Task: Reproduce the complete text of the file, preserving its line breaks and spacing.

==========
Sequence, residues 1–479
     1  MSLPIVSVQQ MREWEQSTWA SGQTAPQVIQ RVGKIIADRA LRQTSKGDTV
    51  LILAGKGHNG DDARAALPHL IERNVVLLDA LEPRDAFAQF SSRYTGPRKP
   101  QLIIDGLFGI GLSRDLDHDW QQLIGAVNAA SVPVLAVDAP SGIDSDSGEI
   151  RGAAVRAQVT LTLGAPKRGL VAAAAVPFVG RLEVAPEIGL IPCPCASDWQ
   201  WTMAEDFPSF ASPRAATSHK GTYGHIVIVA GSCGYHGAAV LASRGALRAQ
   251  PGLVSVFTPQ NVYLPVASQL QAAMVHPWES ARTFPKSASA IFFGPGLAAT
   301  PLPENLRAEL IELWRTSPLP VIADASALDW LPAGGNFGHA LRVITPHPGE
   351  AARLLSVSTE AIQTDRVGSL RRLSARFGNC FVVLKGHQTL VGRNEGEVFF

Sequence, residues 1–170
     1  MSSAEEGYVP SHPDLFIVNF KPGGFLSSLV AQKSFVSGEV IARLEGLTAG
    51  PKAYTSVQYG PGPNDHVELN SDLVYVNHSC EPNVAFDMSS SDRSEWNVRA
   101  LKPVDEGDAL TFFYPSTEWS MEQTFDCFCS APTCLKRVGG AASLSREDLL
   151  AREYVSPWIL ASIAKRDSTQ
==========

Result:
Sequence, residues 1–479
     1  MSLPIVSVQQ MREWEQSTWA SGQTAPQVIQ RVGKIIADRA LRQTSKGDTV
    51  LILAGKGHNG DDARAALPHL IERNVVLLDA LEPRDAFAQF SSRYTGPRKP
   101  QLIIDGLFGI GLSRDLDHDW QQLIGAVNAA SVPVLAVDAP SGIDSDSGEI
   151  RGAAVRAQVT LTLGAPKRGL VAAAAVPFVG RLEVAPEIGL IPCPCASDWQ
   201  WTMAEDFPSF ASPRAATSHK GTYGHIVIVA GSCGYHGAAV LASRGALRAQ
   251  PGLVSVFTPQ NVYLPVASQL QAAMVHPWES ARTFPKSASA IFFGPGLAAT
   301  PLPENLRAEL IELWRTSPLP VIADASALDW LPAGGNFGHA LRVITPHPGE
   351  AARLLSVSTE AIQTDRVGSL RRLSARFGNC FVVLKGHQTL VGRNEGEVFF

Sequence, residues 1–170
     1  MSSAEEGYVP SHPDLFIVNF KPGGFLSSLV AQKSFVSGEV IARLEGLTAG
    51  PKAYTSVQYG PGPNDHVELN SDLVYVNHSC EPNVAFDMSS SDRSEWNVRA
   101  LKPVDEGDAL TFFYPSTEWS MEQTFDCFCS APTCLKRVGG AASLSREDLL
   151  AREYVSPWIL ASIAKRDSTQ